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On the day after, not much can be done- if Iran will….

Veronique Brüggemann

February 22, 2012 | 12:50 pm

According to the latest Gallup poll, Americans perceive Iran as the United States greatest enemy, 25 percent listed Iran before others. It also found that Republicans are more likely to support this view than Democrats.
Yet, while very few Americans would wish for a nuclear Iran, it seems highly unlikely they would support military action to prevent a proliferated Islamic Republic. After Afghanistan and more so Iraq it appears Americans are tired of seemingly endless wars in the Middle East.
No doubt American Jews try their best to rally against a nuclear Iran and will continue to do so in the future. And I am sure that Jewish Students at Cornell and other universities would protest a nuclear Iran, as they do now.
Beyond that, I sense a resignation in Ithaca students. To many it feels like little can be done, like Iran almost won the race anyway, like the wrong war has been fought in the last years. Additionally, many worry a nuclear Iran might destabilize the region and lead to an arms race.
“What would happen if…?“ is always a difficult, if not impossible question to answer and at the moment none oft he outcomes are clear. What if Iran could be stopped? Would it be stopped forever? Unlikely. And what really can be done once a country has nuclear weapons?
As we have seen with North Korea and Pakistan, the time for action is before, not after a country proliferates. And generally, international communities silence once the point is reached.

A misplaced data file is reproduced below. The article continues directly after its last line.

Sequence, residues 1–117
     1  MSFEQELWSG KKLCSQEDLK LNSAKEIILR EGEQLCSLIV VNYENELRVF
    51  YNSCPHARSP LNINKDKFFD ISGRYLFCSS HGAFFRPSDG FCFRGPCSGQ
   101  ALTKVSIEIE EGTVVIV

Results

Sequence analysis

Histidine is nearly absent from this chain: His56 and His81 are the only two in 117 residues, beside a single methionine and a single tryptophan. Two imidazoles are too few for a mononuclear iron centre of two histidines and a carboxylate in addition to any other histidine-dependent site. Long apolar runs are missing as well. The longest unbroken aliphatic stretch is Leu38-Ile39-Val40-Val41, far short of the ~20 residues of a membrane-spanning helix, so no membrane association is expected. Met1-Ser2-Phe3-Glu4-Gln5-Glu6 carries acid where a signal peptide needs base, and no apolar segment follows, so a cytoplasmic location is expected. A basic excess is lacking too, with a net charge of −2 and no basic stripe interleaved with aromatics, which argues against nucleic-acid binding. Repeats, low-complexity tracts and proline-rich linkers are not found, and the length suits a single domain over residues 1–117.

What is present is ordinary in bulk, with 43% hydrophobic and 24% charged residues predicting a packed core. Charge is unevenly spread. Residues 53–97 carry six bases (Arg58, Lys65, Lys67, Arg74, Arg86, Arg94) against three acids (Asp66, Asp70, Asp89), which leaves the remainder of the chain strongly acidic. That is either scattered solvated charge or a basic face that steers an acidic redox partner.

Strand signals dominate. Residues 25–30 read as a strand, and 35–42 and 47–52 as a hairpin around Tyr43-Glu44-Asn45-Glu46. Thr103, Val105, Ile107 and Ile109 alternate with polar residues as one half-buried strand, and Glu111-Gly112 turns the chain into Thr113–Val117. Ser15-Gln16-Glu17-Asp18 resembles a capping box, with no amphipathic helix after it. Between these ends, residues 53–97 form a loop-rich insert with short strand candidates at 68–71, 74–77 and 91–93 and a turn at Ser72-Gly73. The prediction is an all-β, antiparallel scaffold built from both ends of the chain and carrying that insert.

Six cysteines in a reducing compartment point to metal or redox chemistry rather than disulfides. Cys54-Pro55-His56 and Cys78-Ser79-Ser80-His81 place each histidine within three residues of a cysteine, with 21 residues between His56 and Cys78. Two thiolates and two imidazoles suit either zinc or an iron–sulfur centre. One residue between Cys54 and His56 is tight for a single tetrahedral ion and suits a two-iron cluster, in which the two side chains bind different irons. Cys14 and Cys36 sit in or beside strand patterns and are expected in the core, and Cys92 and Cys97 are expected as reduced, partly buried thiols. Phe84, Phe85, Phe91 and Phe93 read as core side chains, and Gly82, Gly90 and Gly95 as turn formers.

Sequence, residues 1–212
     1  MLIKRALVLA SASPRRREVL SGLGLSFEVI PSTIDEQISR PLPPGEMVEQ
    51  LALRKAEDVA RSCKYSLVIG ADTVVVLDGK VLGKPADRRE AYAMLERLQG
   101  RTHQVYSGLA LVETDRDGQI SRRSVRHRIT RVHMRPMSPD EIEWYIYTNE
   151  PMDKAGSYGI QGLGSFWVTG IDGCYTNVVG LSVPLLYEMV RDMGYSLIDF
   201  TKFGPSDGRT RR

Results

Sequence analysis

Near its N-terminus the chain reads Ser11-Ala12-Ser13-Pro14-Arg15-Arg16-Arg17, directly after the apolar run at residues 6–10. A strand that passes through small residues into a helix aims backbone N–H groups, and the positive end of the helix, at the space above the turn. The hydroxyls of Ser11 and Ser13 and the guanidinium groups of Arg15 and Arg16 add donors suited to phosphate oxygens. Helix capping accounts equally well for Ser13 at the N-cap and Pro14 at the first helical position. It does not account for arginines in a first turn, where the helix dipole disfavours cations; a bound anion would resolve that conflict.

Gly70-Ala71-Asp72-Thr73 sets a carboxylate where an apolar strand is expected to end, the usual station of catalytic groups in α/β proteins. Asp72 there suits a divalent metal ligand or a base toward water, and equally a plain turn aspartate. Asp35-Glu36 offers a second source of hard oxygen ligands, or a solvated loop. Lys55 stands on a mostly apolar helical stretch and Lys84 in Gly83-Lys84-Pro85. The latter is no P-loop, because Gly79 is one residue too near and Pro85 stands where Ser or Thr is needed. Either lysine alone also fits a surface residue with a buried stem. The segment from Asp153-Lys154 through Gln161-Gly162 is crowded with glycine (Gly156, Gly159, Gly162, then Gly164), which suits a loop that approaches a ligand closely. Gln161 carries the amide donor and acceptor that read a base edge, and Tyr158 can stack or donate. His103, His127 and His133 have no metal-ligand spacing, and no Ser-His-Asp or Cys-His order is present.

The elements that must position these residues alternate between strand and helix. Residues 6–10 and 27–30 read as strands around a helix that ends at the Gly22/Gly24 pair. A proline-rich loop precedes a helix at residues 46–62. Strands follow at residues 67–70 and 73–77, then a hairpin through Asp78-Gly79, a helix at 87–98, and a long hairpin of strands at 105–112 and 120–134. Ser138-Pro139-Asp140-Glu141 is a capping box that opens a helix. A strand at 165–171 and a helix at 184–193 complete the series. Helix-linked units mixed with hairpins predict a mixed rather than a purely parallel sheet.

The real concern on the day after will not be Iran, and what threat its proliferation poses to Israel and others. It will be too late for that.
The pressing question on the day after will be how to prevent others from following. A nuclear Iran would not only challenge the security of the entire region, it would challenge the authority and validity of the NPT regime. How can the integrity of the Nonproliferation Treaty be restored after yet another member has decided to break its agreement?
Unfortunately, this concern seems more European than an American. Maybe that would change, “if” Iran acquired Nuclear weapons. But in my opinion, “What if?” is the wrong question.

More of our opinions here:  http://www.ajc-access.org/index.php?option=com_lyftenbloggie&view=lyftenbloggie&category=0&Itemid=176

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Jews visiting Central & Eastern Europe frequently come with stereotypes and prejudices about the region.  In particular, group heritage and education tours for young Jews...

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